The senses in space: Alexei Leonov and the first space walk

TV picture of Alexei Leonov on the first ever space walk, 18th March 1965 (image courtesy of www.starchild.gsfc.nasa.gov)

TV picture of Alexei Leonov on the first ever space walk, 18th March 1965 (image courtesy of http://www.starchild.gsfc.nasa.gov)

50 years ago today cosmonaut Alexei Leonov became the first human to conduct a spacewalk – or, less romantically, EVA (extra-vehicular activity) – when he left his Voshkod 2 spacecraft for an awe inspiring and stressful 12 minutes. This tremendous achievement paved the way for much of what became possible in space in subsequent years. If cosmonauts (and astronauts) couldn’t leave their spacecraft then repairs would be impossible, along with a whole host of other essential activities. For the USSR, focused more on inhabiting the first space stations than the USA’s race to the moon, testing and making possible all the activities that would make longer-term existence in space a possibility, even living and constructing new habitations there, were a top priority.

So, although Leonov’s walk-in-space might not seem to have all that much to do with my usual subject matter of food, it has everything to do with the path that made life on space stations and, perhaps, human travel to Mars, a possibility. Which, of course, has everything to do with food, the mainstay of life (and often, in space, both its greatest joy and inconvenience). As we mark a whole host of 50th anniversaries of space “firsts” in the coming months and years I’ll come back to this theme of eating in space on a regular basis.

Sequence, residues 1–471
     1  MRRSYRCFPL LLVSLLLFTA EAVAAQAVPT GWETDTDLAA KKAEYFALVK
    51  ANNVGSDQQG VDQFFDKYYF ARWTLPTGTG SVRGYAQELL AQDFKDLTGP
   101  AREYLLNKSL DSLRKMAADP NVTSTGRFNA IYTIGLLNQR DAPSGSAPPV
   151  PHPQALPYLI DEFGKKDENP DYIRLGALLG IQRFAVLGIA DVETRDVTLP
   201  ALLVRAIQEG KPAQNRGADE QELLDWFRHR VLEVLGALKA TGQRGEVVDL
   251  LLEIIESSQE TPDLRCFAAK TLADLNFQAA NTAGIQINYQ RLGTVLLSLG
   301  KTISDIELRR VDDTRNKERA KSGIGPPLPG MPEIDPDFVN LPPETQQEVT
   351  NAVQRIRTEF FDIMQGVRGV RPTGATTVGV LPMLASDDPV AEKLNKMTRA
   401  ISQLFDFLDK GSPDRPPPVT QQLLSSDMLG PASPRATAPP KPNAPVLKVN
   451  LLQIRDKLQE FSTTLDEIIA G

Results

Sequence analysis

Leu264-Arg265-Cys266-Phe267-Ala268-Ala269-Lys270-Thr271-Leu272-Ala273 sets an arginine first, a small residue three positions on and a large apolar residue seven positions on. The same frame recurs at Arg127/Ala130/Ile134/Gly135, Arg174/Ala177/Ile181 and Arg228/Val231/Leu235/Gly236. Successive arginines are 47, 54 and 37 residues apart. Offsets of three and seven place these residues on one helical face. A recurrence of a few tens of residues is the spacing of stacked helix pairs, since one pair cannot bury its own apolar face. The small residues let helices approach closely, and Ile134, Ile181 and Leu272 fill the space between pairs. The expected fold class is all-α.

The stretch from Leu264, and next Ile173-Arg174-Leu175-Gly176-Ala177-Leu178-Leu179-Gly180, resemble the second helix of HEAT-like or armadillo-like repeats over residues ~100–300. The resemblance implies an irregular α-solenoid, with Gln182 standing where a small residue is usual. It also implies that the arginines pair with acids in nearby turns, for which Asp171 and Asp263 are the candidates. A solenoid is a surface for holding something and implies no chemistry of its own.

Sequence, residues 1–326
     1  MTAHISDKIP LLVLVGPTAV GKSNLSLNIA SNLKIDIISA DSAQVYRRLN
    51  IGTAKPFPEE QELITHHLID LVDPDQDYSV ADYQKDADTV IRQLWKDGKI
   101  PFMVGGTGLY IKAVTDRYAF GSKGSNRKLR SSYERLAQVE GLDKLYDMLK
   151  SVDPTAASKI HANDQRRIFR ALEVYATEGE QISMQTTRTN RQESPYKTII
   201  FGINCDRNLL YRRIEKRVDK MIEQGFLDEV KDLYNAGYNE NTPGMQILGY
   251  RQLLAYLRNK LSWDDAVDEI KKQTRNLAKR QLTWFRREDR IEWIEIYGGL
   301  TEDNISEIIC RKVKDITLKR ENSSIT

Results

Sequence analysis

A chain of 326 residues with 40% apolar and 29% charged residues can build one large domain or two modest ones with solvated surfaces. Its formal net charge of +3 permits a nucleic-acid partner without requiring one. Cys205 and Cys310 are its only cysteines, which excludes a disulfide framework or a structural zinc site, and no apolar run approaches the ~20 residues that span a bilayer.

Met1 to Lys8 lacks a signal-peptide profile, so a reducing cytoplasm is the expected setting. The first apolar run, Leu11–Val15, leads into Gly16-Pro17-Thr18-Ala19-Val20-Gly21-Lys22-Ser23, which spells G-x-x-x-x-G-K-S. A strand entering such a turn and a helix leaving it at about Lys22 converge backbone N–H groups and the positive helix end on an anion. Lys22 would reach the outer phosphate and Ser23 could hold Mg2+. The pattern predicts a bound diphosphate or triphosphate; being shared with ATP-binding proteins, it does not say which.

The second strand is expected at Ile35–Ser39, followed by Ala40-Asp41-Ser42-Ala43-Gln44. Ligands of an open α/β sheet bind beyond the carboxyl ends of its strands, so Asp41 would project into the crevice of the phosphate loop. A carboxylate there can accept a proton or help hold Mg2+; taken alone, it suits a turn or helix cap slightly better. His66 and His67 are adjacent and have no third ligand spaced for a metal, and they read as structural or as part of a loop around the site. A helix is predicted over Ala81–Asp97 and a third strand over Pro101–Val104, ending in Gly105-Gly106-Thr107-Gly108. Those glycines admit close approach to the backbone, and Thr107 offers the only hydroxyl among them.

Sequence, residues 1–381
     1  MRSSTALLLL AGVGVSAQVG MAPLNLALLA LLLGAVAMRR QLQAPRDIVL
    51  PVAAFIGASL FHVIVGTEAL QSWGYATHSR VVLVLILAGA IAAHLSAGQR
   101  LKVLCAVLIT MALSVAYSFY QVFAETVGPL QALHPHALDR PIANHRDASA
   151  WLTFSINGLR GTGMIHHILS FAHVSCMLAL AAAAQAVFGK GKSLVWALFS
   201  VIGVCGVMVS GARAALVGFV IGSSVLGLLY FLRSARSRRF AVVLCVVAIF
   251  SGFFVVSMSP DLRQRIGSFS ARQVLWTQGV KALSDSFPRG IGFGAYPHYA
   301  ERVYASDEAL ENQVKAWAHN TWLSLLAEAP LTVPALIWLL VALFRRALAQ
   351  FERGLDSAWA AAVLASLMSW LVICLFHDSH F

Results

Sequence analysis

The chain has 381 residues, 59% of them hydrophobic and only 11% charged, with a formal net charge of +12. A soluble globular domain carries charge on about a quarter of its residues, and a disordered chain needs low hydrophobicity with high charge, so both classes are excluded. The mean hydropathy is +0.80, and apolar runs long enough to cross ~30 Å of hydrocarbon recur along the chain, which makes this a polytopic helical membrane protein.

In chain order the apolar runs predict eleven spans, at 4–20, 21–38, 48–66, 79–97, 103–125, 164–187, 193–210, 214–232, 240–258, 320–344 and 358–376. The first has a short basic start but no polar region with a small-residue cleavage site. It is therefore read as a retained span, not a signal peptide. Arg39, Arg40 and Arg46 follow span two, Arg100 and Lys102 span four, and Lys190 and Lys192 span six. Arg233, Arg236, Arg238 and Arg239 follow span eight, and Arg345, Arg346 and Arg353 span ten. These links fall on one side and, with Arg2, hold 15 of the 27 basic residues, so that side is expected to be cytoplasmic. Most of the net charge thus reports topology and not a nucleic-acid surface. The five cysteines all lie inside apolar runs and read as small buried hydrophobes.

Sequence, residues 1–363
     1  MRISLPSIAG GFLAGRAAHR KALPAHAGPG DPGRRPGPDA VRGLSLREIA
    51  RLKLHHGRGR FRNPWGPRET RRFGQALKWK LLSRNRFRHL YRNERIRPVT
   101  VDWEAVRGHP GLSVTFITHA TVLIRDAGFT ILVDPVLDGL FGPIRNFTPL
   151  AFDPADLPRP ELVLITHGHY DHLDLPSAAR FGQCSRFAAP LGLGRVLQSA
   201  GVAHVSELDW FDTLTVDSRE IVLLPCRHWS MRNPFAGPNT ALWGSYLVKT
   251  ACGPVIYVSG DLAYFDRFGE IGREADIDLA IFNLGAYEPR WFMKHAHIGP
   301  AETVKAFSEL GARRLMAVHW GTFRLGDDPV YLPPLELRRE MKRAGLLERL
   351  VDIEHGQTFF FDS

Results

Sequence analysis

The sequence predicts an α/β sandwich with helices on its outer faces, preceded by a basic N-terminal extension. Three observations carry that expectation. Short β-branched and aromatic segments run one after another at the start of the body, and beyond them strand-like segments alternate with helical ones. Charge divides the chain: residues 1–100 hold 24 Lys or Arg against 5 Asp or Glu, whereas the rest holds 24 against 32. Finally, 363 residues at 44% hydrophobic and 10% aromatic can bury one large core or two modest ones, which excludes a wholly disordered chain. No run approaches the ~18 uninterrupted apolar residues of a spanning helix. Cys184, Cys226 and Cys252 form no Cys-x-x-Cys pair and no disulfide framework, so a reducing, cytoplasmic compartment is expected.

Meanwhile, apart from being a pioneering space hero and scientist, Alexei Leonov is a painter and writer with an attention to the senses that has always made him one of my favourite cosmonauts. According to Helen Sharman, who visited the Mir space station in 1991 becoming the first Briton in space, it was Alexei Leonov who helped her think about some of the more human impacts being in space might have on her. Besides jovially giving her a ridiculous costume in which to ‘dress for dinner’ to entertain her space-fellows on their first evening together, he slipped a scrap of fragrant Kazakh wormwood into her pocket. Telling her to take it with her to sniff every now and again, he said “There’s nothing much to smell up there and this will remind you of home.” If I were ever to be lucky enough to have dinner with a cosmonaut, I’d definitely go for the one with a fabulous sense of smell.

[Quote from Helen Sharman’s autobiography, Seize the Moment (London: Victor Gollancz, 1993)]

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